The wordplay is {[L]IMIT (check) + [L]ATE (overdue)} where "leaders missing" indicates that the first letter of each word is to be deleted.

26a   A spot perhaps close to grass lands (7)

"A spot perhaps" indicates that a spot is an example of the word needed in the solution. A spot[5] (short for spotlight[5]) is a lamp projecting a narrow, intense beam of light directly on to a place or person, especially a performer on stage.

27a   Early star or moon will excite one (10,5)

Astronomer Royal[7] is a senior post in the Royal Household of the Sovereign of the United Kingdom. From 1675 until 1972 the Astronomer Royal was Director of the Royal Observatory Greenwich. After the separation of the two offices the position of Astronomer Royal has been largely honorary, though he remains available to advise the Sovereign on astronomical and related scientific matters, and the office is of great prestige.

3d   Truck turned over in American garden (4)

In Britain, as in North America, a dray[5] may be a a low cart without fixed sides, used for carrying heavy loads. However, in Britain the term can also refer to any other vehicle (in particular, a truck) or sledge used to carry a heavy load.

In Britain, the word garden[5] refers to the piece of ground adjoining a house, typically cultivated to provide a lawn and flowerbeds.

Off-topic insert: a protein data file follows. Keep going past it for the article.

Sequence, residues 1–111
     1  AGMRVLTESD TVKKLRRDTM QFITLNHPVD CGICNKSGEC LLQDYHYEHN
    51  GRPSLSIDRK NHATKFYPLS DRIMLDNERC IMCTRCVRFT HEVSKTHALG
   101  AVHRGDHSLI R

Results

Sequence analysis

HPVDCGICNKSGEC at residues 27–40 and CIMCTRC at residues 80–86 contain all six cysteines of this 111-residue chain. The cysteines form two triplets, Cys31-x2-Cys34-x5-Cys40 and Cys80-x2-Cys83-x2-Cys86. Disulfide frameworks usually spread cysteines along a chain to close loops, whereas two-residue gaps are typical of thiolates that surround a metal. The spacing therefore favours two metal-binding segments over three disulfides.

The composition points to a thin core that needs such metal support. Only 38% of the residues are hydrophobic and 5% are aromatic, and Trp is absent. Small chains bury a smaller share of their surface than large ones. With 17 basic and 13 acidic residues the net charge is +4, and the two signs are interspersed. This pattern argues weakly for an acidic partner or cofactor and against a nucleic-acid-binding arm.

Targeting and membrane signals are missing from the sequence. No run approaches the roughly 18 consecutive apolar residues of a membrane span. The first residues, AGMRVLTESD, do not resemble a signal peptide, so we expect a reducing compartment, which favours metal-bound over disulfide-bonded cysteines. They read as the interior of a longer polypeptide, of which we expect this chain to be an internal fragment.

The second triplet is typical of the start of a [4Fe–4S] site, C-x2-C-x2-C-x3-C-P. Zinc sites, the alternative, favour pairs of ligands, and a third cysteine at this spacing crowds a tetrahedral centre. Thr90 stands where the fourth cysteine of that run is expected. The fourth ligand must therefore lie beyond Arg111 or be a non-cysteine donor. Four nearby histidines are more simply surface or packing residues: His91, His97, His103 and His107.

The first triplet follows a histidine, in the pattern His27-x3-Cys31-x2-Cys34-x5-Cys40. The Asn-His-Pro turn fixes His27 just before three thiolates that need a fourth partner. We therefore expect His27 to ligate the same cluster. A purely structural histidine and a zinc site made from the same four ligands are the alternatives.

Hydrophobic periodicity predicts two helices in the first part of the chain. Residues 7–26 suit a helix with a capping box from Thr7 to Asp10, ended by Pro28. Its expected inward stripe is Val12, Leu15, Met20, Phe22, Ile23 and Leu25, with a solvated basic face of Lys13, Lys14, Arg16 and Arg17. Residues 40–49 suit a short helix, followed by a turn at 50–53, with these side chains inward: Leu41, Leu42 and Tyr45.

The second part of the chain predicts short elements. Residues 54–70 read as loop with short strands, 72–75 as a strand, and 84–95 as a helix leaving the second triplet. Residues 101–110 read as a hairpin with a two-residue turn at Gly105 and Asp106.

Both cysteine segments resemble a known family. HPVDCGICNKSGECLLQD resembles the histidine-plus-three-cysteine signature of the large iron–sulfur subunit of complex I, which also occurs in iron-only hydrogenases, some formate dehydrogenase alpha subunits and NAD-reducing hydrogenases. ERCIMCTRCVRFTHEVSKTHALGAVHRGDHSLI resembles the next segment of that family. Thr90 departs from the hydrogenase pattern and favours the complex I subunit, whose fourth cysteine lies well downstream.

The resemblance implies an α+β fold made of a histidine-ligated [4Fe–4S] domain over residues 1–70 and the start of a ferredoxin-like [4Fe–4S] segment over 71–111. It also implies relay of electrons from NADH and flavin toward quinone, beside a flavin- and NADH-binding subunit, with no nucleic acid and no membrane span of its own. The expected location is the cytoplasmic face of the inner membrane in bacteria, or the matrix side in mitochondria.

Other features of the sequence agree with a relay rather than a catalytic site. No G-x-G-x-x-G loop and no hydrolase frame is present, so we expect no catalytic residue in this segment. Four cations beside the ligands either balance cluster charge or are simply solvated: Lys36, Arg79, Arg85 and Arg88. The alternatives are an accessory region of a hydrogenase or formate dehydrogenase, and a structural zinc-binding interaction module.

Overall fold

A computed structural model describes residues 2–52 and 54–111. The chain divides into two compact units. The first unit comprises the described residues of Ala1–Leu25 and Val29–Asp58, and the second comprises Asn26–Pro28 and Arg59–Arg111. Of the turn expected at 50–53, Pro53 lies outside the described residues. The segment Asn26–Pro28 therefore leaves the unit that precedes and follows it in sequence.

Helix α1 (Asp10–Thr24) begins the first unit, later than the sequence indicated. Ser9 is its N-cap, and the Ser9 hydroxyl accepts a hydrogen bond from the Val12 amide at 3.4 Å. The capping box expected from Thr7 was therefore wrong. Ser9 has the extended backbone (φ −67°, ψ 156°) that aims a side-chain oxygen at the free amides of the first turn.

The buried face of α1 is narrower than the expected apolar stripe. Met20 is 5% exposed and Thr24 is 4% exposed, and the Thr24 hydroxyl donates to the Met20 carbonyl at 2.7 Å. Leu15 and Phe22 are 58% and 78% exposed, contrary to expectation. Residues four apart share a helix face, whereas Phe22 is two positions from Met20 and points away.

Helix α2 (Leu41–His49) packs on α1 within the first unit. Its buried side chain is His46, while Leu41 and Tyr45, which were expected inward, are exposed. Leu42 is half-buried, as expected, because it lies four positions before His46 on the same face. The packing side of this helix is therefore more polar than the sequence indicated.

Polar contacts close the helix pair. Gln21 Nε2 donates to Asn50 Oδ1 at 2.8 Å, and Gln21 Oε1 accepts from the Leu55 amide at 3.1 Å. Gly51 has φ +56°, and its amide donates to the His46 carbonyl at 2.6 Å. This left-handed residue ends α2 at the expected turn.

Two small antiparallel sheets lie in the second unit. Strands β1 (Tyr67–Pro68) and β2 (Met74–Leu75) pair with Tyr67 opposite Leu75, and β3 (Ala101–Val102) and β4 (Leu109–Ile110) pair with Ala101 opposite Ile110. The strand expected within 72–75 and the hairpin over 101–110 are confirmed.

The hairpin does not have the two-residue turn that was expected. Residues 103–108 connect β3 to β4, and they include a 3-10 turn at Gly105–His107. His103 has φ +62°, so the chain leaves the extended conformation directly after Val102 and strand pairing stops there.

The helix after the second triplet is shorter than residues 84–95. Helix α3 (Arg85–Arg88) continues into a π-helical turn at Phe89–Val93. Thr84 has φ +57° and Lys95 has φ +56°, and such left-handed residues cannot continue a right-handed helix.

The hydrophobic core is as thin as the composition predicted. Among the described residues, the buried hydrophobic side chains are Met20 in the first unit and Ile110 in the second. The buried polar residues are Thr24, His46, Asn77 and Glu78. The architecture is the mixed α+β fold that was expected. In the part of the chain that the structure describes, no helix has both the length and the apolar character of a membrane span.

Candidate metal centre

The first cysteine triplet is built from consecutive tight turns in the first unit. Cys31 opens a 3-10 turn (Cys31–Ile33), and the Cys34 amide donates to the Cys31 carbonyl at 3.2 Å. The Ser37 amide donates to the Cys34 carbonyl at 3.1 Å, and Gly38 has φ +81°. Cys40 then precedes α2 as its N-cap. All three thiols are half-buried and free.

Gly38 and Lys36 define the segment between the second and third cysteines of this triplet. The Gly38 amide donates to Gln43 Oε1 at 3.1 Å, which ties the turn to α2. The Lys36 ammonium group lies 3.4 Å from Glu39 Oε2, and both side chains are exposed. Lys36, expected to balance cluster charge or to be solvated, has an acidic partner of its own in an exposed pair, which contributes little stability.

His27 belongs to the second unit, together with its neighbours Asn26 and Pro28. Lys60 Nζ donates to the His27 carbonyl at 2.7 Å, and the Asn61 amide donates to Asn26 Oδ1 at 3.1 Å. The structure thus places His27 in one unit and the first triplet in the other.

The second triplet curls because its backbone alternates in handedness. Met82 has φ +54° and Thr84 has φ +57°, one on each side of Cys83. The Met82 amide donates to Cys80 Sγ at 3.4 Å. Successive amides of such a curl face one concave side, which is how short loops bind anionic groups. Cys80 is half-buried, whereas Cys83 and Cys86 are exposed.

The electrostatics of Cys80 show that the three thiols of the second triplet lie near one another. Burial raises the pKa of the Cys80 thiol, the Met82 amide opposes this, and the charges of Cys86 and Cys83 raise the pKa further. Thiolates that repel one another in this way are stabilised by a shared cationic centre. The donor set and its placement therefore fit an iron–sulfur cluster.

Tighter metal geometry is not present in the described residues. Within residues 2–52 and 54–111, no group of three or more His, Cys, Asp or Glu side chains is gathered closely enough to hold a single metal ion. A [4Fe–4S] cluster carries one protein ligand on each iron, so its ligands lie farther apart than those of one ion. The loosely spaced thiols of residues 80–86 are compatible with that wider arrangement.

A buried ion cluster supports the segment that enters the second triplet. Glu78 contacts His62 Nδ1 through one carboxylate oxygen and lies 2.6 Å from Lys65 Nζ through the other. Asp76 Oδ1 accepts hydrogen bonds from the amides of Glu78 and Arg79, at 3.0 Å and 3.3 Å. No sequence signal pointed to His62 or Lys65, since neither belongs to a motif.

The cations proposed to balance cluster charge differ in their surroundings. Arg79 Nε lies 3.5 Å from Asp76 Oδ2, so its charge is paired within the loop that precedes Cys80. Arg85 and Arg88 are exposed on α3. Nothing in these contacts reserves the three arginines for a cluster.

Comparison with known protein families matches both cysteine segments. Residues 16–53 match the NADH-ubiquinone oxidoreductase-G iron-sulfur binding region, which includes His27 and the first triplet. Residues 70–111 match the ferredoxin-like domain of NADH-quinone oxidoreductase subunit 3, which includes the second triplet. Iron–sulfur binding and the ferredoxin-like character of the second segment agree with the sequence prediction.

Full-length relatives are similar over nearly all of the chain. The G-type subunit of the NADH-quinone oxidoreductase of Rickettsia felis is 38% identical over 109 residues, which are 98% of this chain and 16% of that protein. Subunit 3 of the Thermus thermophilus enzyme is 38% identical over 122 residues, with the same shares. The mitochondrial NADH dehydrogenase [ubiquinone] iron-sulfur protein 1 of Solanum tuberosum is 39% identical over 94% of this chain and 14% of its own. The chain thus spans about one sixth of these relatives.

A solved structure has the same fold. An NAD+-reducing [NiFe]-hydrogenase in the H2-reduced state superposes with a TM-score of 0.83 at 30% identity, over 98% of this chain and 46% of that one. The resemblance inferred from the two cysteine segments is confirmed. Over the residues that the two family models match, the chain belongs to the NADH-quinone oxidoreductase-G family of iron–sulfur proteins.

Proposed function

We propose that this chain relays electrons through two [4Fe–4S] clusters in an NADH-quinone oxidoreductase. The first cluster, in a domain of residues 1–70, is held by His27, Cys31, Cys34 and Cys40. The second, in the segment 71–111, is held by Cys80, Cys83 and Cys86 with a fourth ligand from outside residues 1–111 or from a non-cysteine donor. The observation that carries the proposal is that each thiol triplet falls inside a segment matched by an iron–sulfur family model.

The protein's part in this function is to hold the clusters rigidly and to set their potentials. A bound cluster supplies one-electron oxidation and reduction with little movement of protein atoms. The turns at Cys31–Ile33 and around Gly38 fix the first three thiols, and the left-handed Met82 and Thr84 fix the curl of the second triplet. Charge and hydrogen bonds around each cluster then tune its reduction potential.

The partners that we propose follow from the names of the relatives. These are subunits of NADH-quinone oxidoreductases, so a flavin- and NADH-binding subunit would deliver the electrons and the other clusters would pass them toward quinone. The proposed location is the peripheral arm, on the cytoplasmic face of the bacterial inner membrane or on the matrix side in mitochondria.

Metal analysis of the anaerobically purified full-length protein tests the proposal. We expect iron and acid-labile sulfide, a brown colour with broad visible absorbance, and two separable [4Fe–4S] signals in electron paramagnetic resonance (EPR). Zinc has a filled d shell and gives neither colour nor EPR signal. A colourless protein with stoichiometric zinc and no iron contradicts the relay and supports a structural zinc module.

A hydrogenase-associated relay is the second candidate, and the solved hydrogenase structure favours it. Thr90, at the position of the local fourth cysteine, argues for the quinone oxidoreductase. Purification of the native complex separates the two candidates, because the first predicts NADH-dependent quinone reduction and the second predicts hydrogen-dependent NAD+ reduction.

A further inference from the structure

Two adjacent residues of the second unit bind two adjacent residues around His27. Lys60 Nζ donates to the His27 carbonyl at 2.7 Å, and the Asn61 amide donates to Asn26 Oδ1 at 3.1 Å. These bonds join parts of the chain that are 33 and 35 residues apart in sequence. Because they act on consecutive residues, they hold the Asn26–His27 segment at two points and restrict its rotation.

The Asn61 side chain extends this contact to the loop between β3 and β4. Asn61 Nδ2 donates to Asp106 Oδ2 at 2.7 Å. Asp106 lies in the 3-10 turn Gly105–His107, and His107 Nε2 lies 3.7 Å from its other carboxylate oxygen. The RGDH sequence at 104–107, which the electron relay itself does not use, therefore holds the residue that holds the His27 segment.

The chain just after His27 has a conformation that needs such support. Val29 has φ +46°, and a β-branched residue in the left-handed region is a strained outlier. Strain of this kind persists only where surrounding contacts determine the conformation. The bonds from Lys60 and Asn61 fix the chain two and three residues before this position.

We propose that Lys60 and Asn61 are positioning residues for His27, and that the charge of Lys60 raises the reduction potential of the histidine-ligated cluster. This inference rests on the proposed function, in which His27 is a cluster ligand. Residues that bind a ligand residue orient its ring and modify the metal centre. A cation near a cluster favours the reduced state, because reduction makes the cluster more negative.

Note: In the U.K., the term garden is applied to what in North America would be called a yard. In North America, the term garden would generally be used in relation to the part of the yard used specifically to grow flowers or vegetables, and would exclude that part of the yard used as a lawn.
5d   Leaves from tea scattered during holidays (7)

In Britain, vac[5] is an informal term for vacation.

6d   Charlie and Heather laughing quietly (9)

Ling[5] is another name for the common heather of Eurasia.

13d   Black whole nuts are in Pavlova? (9)

Pavlova[5] is a dessert consisting of a meringue base or shell filled with whipped cream and fruit, which was named after Russian ballerina Anna Pavlova[5] .

14d   Trick issue for Jersey? (3,6)

The Jersey Royal[7] (presumably referred to colloquially as simply a Jersey) is a cultivar of potato grown only in Jersey[7] (a British Crown Dependency which is the largest of the Channel Islands).

16d   Preposterous hunt relay attacked (9)

"Preposterous" would have served admirably as an anagram indicator, but that is not the role assigned to it today. Instead, it plays the definition. "Attacked", which seems far less suited to the part, must stand in as the anagram indicator today.

23d   Herb, a serially chaotic character (5)

Basil Fawlty is a character played by comedian John Cleese in the British television series Fawlty Towers[7]. For once, we have a British program that will be familiar to many Canadian viewers.
Key to Reference Sources: 

[1]   - The Chambers Dictionary, 11th Edition
[2]   - Search Chambers - (Chambers 21st Century Dictionary)
[3]   - (American Heritage Dictionary)
[4]   - (Collins English Dictionary)
[5]   - Oxford Dictionaries (Oxford Dictionary of English)
[6]   - Oxford Dictionaries (Oxford American Dictionary)
[7]   - Wikipedia
[8]   - Reverso Online Dictionary (Collins French-English Dictionary)
[9]   - Infoplease (Random House Unabridged Dictionary)
[10] - (Collins English Dictionary)
Signing off for this week - Falcon